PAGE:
Zayd ibn al-Khattab

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Zayd ibn al-Khaṭṭāb (died 632) was a companion of the Islamic prophet Muḥammad and a brother of Umar the second Caliph.

Biography[edit]

He was the son of al-Khattab ibn Nufayl, a member of the Adi clan of the Quraysh tribe in Mecca, and of Asma bint Wahb of the Asad tribe.[1] He was older than his brother Umar.[1][2] He is described as "a very tall dark man".[1]

He became a Muslim before August 616.[1][2] He joined the general emigration to Medina in 622 and was made the brother in Islam of Maan ibn Adi.[1]

His marriage to his cousin, Atiqa bint Zayd, was childless and ended in divorce.[3] In Medina he married two women from the Amr clan of the Aws tribe. One was Habiba bint Abi Amir, who bore him a daughter, Asma;[1][4]:235 Habiba's niece Jamila was briefly married to Zayd's brother Umar.[4]:236 The other was Lubaba, a daughter of Abu Lubaba ibn Abd al-Mundhir, who was the mother of his son Abdulrahman.[1][4]:236

He fought at the Battle of Badr, the Battle of Uhud, the Battle of the Ditch and "all the battles with Allah's Messenger".[1] At Uhud Umar urged Zayd to borrow his armour. Zayd put it on but then he took it off again, saying, "I want what you want for yourself."[5]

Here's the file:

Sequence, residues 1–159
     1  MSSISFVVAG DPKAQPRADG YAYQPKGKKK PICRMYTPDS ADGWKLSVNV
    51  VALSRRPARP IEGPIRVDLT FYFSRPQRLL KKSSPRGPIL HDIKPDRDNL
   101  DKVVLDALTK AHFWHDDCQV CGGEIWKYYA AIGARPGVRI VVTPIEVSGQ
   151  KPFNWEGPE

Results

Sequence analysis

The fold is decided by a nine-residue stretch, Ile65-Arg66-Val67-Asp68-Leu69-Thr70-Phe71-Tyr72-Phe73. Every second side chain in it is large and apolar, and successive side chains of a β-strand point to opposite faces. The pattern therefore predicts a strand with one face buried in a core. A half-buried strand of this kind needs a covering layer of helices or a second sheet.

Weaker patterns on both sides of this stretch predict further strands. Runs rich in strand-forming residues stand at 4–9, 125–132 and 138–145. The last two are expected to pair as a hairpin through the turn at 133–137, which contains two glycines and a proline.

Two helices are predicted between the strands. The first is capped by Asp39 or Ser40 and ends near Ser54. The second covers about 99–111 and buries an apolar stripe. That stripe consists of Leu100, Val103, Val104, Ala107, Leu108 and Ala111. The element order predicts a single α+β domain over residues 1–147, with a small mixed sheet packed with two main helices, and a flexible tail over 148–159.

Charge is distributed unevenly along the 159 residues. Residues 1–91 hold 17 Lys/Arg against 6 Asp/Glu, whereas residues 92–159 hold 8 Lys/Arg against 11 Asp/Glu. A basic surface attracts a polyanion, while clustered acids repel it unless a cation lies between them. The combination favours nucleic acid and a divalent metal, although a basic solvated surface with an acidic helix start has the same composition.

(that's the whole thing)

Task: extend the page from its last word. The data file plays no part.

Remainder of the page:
At the Battle of Yamama in December 632, Zayd carried the Muslims' standard.[1][2] When Muslim baggage was exposed to plunder by the enemy, Zayd said, "As for the baggage, there is no baggage! As for the men, there are no men!" Then he shouted, "O Allah, I apologise for the flight of my companions! I am not guilty before Thee of what Musaylimah and Muhakkam have done!"[6] Zayd continued to hold the standard while fighting with his sword and he did not drop it until he was killed.[6][2] His killer was Abu Maryam al-Hanafi, who claimed: "Allah honoured him at my hand and did not weaken me at his hand."[6]

See also[edit]

References[edit]

  1. ^ a b c d e f g h i Muhammad ibn Saad. Kitab al-Tabaqat al-Kabir. Translated by Bewley, A. (2013). The Companions of Badr, p. 294. London: Ta-Ha Publishers.
  2. ^ a b c d Muhammad ibn Jarir al-Tabari. Tarikh al-Rusul wa'l-Muluk. Translated by Landau-Tasseron, E. (1998). Volume 39: Biographies of the Prophet's Companions and Their Successors, p. 117.
  3. ^ Ibn Hajar al-Asqalani. Al-Isaba fi tamyiz al-Sahaba vol. 8 #11448.
  4. ^ a b c Muhammad ibn Saad. Kitab al-Tabaqat al-Kabir. Translated by Bewley, A. (1995). The Women of Madina. London: Ta-Ha Publishers.
  5. ^ Muhammad ibn Saad. Kitab al-Tabaqat al-Kabir. Translated by Bewley, A. (2013). The Companions of Badr, p. 296. London: Ta-Ha Publishers.
  6. ^ a b c Muhammad ibn Saad. Kitab al-Tabaqat al-Kabir. Translated by Bewley, A. (2013). The Companions of Badr, p. 295. London: Ta-Ha Publishers.